I would also take groups of chefs out in different locations to teach them about different wild ingredients and I did a project with a group of bartenders last year on wild botanicals and garnishes for cocktails.
I did an event at Belfast Gin Festival looking at wild ingredients to make gin cocktails interesting.
We’re coming into the height of wild garlic season, and it’s up everywhere.
I’m excited about early flowers like primrose and cherry blossom and crocus — they’re all edible and taste great. People don’t know lots of our tree leaves are edible — the likes of young beech leaves and hawthorn make a great salad veg, but you can also dry them and use them as a green tea and they have a beautiful flavour as well.
The likes of early spring greens, like cow parsley, ground elders, sorrel and wood sorrel, are all coming through now.
At the moment, I’m not foraging very much at all. I’m helping to make soup for a soup kitchen that has been set up and that’s keeping me busy during the week when I’m not working at anything else.
Over the last five weeks I’ve been foraging in my garden quite a bit. A lot of what I already pick are common and garden weeds anyway, so I’m using things like sticky weed, bittercress ... I’m lucky I have a patch of wild garlic that I planted and I’m doing lots of things with dandelions, daisies and sorrel.
I’m doing a lot of garden prep, but I’ve been trying to protect this little patch of nettles that is growing in my garden — I love nettle soup.
I feel lucky that I have that space to go into and do things. Lots of people are getting in touch to show me their own weeds and asking what can I do with these.
Definitely I think people were really valuing their own garden space — if I’m limited in my trips to the shop, can I find something that is already there?”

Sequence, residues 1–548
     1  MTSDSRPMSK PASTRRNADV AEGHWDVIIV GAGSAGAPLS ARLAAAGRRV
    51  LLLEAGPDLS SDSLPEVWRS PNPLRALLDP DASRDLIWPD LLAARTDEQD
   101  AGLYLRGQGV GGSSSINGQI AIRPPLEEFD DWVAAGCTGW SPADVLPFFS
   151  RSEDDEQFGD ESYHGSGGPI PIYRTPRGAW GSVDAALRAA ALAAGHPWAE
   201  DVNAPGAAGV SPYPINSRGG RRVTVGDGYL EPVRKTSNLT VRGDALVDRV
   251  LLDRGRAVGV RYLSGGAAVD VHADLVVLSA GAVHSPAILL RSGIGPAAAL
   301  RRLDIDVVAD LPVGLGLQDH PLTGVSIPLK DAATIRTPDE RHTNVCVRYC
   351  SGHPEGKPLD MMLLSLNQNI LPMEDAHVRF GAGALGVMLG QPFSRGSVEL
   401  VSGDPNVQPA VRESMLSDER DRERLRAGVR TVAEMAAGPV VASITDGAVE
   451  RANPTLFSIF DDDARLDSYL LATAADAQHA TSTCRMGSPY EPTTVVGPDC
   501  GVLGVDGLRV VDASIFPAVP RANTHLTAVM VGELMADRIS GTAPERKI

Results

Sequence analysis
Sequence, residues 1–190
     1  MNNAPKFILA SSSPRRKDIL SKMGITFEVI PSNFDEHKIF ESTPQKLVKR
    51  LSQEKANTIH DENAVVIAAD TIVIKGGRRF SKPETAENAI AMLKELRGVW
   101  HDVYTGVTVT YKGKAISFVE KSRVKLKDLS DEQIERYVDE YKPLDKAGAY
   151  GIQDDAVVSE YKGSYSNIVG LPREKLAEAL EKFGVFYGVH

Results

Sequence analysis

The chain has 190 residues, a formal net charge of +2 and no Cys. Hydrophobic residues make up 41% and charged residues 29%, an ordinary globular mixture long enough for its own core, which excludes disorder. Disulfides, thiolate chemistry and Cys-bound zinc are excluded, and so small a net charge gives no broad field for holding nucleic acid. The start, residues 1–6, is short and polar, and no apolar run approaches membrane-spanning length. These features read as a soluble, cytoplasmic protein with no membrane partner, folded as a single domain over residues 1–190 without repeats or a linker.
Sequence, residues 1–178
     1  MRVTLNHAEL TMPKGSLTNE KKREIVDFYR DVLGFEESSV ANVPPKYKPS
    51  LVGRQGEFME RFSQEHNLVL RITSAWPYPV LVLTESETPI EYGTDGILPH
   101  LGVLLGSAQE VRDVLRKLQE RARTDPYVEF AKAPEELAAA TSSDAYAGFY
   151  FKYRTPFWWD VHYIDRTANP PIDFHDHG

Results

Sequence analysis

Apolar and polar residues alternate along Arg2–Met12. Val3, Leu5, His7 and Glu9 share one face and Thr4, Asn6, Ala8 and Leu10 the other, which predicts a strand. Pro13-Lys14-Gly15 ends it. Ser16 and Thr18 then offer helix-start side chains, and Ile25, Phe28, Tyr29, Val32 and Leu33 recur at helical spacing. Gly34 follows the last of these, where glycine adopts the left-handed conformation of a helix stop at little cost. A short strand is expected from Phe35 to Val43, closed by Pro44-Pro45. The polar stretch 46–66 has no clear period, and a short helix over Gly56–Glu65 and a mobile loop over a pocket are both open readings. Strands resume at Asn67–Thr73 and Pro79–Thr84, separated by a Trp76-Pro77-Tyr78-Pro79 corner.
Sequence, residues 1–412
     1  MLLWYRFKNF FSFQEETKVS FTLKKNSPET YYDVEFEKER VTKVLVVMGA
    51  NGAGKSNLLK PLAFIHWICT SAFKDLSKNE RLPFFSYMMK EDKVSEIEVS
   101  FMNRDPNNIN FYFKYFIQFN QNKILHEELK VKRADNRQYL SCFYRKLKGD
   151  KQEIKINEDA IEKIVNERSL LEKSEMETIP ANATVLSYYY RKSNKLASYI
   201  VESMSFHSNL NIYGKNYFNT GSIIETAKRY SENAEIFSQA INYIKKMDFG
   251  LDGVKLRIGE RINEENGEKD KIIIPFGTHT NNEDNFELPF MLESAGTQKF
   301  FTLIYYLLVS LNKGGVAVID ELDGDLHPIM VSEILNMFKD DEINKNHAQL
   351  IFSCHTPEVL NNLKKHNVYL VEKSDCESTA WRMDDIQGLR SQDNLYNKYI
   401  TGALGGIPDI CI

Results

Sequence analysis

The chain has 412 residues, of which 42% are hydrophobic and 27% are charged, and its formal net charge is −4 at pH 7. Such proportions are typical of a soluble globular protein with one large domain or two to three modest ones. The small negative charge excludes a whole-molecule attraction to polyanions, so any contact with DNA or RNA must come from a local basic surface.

WHAT YOU’LL NEED
For the pastry:
220g plain flour
Pinch of salt
5-6 tablespoons cold water
For the filling:
1 onion chopped
1 tablespoon olive oil
300g mature cheddar grated
2 big handfuls of wild garlic chopped
Salt and pepper
1 egg for glazing
Place the butter in the freezer for 30 minutes and while it’s firming up fry the onion in the olive oil until softened and allow to cool.
Mix the cooked onion, breadcrumbs, cheddar, wild garlic and egg together and season to taste with salt and pepper. Add the flour and salt to a large bowl.
Using a large-holed grater, grate in the frozen butter and toss lightly in the flour.
Use a knife to evenly distribute the butter and add the cold water, a little at a time, using the knife, to make a shaggy dough, adding a little more water if it looks too dry.
Turn out onto a surface and bring together gently, being careful not to overwork. Shape the pastry into a square, cover and allow to relax in the fridge for 10 minutes.
Heat the oven to 180°C and line a baking tray with greaseproof paper.
Divide the pastry into two rectangles and flour the work surface. Roll each piece out until the width of a £1 coin keeping the rectangular shape with the longest edge closest to you.
Place rolls of the filling across the middle of each strip of pastry and brush the edge closest to you with beaten egg.
Lift the pastry over the filling, press tightly and cut off any excess.
Press a fork over the edge to seal. Slice and place on the baking sheet and brush with more egg. Bake for 15-20 minutes until golden.